• Align the project with your senior managements’
goals and objectives
• Typical business benefits include:
– Cost Savings
– Cost Avoidance
– Benchmarking
• All your great work can sometimes be in vain
without proper alignment of your project with
your organization’s business goals
2. Clearly Define Project
• Project Charter
– Objectives
– Scope
– Overall Approach – to include choice of inventory model for
the analysis
• Communications plan
• Current State Process
• Risk Assessment
3. Ensure Buy-In From Stakeholders
• Ensure everyone understands the fundamentals of
Lean Six Sigma, but vary your focus based on the
• Executive Training Sessions
– Emphasize strategic focus
– Emphasize Enterprise benefits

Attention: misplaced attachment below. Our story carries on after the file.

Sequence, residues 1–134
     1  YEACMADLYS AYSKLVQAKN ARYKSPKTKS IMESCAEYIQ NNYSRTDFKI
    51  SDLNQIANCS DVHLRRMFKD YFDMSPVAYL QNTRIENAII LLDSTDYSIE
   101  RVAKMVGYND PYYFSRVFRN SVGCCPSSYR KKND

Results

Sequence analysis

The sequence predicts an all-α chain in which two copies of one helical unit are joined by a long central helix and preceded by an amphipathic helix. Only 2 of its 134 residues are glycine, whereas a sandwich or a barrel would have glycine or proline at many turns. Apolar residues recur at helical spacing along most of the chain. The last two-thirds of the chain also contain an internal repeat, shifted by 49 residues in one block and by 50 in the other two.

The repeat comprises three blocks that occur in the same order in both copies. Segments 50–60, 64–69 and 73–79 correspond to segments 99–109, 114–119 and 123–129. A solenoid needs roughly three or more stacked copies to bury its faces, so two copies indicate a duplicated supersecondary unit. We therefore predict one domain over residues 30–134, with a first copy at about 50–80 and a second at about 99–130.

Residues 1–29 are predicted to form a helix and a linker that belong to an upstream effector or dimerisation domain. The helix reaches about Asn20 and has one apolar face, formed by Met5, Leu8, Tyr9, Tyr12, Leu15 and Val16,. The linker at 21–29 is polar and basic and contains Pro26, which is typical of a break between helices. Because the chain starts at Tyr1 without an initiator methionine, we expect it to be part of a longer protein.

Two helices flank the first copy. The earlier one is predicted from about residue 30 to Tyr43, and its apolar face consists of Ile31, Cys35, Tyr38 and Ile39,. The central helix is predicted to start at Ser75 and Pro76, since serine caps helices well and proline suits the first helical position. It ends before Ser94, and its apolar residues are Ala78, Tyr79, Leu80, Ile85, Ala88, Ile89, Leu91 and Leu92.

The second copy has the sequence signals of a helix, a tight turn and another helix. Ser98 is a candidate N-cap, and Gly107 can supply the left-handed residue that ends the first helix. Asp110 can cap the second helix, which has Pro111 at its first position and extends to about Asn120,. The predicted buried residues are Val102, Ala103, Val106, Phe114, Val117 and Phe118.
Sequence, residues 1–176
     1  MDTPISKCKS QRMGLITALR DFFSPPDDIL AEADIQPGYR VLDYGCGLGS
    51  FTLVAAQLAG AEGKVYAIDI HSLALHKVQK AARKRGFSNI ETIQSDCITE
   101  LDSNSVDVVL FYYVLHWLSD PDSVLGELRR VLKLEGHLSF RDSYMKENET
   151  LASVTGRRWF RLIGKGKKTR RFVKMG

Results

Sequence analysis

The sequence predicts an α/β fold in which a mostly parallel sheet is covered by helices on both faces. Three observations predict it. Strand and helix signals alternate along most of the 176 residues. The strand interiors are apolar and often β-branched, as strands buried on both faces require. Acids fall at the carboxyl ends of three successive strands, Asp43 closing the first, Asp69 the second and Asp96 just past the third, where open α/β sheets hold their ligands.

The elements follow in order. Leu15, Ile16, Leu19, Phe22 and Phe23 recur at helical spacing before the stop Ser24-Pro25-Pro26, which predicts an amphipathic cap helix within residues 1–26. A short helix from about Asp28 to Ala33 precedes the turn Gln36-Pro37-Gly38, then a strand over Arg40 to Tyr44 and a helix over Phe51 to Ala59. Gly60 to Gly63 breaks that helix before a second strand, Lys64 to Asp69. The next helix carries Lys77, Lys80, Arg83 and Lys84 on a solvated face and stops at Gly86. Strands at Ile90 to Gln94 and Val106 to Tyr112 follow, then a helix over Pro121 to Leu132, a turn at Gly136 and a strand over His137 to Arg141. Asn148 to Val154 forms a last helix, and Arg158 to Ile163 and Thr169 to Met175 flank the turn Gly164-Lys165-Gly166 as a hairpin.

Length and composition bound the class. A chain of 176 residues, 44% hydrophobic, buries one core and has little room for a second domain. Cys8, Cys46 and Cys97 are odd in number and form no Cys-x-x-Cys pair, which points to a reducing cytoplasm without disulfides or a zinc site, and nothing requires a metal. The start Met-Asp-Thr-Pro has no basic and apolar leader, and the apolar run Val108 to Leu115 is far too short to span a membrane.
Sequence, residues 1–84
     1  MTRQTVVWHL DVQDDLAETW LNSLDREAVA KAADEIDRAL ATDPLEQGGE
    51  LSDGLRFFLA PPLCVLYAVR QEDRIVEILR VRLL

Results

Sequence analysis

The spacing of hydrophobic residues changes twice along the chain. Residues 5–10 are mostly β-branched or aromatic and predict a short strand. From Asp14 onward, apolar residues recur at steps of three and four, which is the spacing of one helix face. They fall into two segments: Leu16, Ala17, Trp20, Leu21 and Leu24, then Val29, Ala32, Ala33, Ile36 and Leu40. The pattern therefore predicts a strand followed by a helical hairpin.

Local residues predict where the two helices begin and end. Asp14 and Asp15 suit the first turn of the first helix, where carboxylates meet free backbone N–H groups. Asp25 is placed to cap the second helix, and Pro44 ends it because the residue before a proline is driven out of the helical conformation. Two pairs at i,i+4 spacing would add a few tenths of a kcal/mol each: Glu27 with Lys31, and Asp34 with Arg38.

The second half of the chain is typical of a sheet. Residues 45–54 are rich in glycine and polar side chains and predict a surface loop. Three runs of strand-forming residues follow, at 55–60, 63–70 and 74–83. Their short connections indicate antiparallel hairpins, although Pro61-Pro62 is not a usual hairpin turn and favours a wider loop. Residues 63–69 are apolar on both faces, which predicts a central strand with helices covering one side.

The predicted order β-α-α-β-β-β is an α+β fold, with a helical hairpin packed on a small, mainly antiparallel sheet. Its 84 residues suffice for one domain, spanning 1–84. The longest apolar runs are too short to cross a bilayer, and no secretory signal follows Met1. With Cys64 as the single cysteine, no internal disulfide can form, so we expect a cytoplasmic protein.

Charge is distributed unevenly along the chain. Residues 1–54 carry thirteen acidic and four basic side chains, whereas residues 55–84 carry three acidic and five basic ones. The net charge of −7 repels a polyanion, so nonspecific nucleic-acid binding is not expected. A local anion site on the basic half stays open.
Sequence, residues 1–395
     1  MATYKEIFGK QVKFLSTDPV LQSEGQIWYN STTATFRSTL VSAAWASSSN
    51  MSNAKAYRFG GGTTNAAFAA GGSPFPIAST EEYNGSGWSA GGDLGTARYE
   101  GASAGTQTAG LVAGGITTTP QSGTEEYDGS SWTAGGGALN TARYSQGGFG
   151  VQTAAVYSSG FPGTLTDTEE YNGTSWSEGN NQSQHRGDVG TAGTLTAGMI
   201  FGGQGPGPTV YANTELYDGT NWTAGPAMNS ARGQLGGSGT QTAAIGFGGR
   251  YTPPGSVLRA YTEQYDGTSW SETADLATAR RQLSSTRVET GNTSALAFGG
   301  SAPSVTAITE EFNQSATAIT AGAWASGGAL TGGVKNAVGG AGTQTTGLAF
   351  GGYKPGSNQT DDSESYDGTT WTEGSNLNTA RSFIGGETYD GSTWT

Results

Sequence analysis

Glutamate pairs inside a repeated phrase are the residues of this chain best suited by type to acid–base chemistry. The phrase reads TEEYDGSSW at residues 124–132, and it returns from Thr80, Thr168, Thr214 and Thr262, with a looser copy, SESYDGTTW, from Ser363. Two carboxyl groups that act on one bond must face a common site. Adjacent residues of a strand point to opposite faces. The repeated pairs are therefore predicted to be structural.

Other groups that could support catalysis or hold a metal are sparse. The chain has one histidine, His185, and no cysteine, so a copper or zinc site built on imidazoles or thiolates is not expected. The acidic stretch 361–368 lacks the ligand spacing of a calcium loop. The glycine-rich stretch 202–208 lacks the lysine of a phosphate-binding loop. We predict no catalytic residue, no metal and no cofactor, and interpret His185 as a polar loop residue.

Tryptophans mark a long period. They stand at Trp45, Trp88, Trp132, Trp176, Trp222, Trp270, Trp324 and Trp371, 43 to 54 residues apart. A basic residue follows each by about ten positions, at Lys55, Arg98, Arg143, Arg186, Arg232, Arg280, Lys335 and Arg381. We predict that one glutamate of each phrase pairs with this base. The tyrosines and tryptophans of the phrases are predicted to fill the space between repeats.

• Champion Training
– Emphasize Operational effectiveness
• Other Stakeholder Training
– Emphasize impact on their area of operation
4. Identify Variables
• Begin process by asking relevant questions to help
you understand how the system works:
– How do demand variation and lead time impact
– Is my excess inventory linked to particular
– How do lot size impact inventory?
– What are your current safety levels?
– What is my desired target for excess and
obsolete inventory?
• Define your critical input variables, Xs [Y = f(X)]
4. Identify Variables (EOQ MODEL)
Inventory Level
Order qty, Q
Reorder point, R
Placed Received
5. Collect Data
• Develop comprehensive data collection plan
Requirements planning
Inventory record files
Warehouse management system
Current metrics
• Extract data from IT system/s
• Validate system data by conducting a manual count of
inventoried items associated with problem
• Collect management data, e.g., lead time, lot size,
expected demand and its variation, forecasting
accuracy, on-time delivery